If not pre-empted by a neighbor’s dog, one of the first things I hear each morning is the weather report. This time of year, there’s usually some reference to clouds – partly cloudy, high clouds, low clouds, cloud cover, clouds clearing by mid-morning, clouds arriving in the late afternoon. A world of many clouds indeed.
When it comes to conversations about technology, it’s hard to escape talk of clouds, cloud computing, and cloud this, that, and the other thing. But here’s a question: I’m not an IT person, so why should I care about cloud computing?
How about this? Clouds give you what you need to do collaborate more effectively — when, where, and how you need it. Add in reduced costs, increased profitability, improved efficiency, and support for innovative business models. OK, I’m listening.
There’s a lot of talk about how “the cloud” is changing everything. Maybe my neighbor’s dog is affecting the quality of my sleep, but putting “the” in front of “cloud” makes it sound like some superhero thing I should be able to see, accompanied by a overly dramatic theme song. A single giant ominous thing floating in the sky (hopefully in a good guy way rather than a villainous one), maybe with the occasional lightning bolt. What can I say, I’m a visual person.
Mental imagery aside, cloud computing is in fact changing a lot in the way we collaborate – and in the ways we can work together going forward. Clouds provide new degrees of flexibility in how we can access applications and information. Flexibility, options, choices? Not such a bad deal.
As in any good hero-villain story, it’s important to make sure you’re fully prepared for the episode. A lot of companies throw cloudy words into their marketing mixes to stay on the bandwagon, but not all really deliver on the promise that cloud computing offers.
On the user side, cloud should be simple – invisible really. You have what you need, when and where you need it. You can do what you need to do without having to learn 14 new applications or tricks and worrying about making it work. Behind the scenes there’s a bit more to making that happen, of course. The nice thing is that Cisco has all the pieces of the puzzle: the intelligence of the network and the power of the data center with business applications.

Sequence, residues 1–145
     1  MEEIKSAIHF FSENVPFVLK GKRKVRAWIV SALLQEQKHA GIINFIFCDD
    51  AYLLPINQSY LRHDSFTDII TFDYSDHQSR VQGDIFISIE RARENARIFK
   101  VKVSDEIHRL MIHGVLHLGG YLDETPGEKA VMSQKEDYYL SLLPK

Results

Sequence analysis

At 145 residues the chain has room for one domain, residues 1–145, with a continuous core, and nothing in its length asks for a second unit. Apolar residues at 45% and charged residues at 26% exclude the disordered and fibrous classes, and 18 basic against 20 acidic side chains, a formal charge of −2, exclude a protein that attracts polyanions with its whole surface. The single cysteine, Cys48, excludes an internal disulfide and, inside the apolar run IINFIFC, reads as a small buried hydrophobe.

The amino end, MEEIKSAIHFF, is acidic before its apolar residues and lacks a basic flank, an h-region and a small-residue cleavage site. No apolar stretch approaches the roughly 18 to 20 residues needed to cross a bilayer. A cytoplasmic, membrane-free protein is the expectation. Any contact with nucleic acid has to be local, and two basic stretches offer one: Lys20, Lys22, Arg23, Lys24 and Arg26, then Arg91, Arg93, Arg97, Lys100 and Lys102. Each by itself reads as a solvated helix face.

Add in mobile devices and you have at hand what you need nearly anywhere, on any device, at any time with the security, performance, and reliability previously possible only in deskbound deployments. Let me do what I want, when and where I want to? Let me access the same applications and information on different devices? OK, I get it. Cloud good. I care.
Your workplace can be as portable as the devices you carry. Organizations are increasingly deploying people in the locations where they are most effective, which means they need to optimize the productivity and accessibility of these workers. Cue clouds. Cue mobility. Cue collaboration.
So, what would it look like if I had a magical application that ties together mobility and clouds to improve collaboration? I’m so accustomed to using it that I didn’t think about it as a cloud-based application, but cloud it is. It lets me participate in meetings in my cube, from my kitchen table, on my smartphone, or using my Cius. Any time, any place, any device… And the experience and features are consistent across devices.
It’s WebEx Conferencing.
This isn’t one of those special “I get to use the new stuff before you” things. In fact, there are more than 5.5 million registered hosts worldwide, more than 1.4 million downloads of the mobile client, and people use it for more than 1.5 billion meeting minutes each month. (I’m glad I’m not in all of those meetings.)
It’s better than just a phone call – there’s much more to it. Not only can I see the files we’re sharing, but I can see you. If you start nodding off, I know I need to make a right turn at boring and veer back to interesting. There’s a big difference between talking to a herd of disembodied voices on a conference call and being able to match names to faces to voices with WebEx. Does that help me be more productive? Absolutely.
Nearly every meeting I have during the day involves someone connected through WebEx. And there’s that cloud making it happen. As much as the word itself is tossed about, it’s sometimes hard to grasp what cloud is really about. A lot of people are trying to explain it. Search “cloud computing” on Google and everything on the first page is trying to define it.
But there is something to this whole cloud thing, especially when it comes to collaboration. So, even though I’m not an IT person, cloud computing is worth caring about. It makes my job easier. It makes it easier to communicate. It makes it easier to share. Mrs. Blackburn (my kindergarten teacher) would be so proud.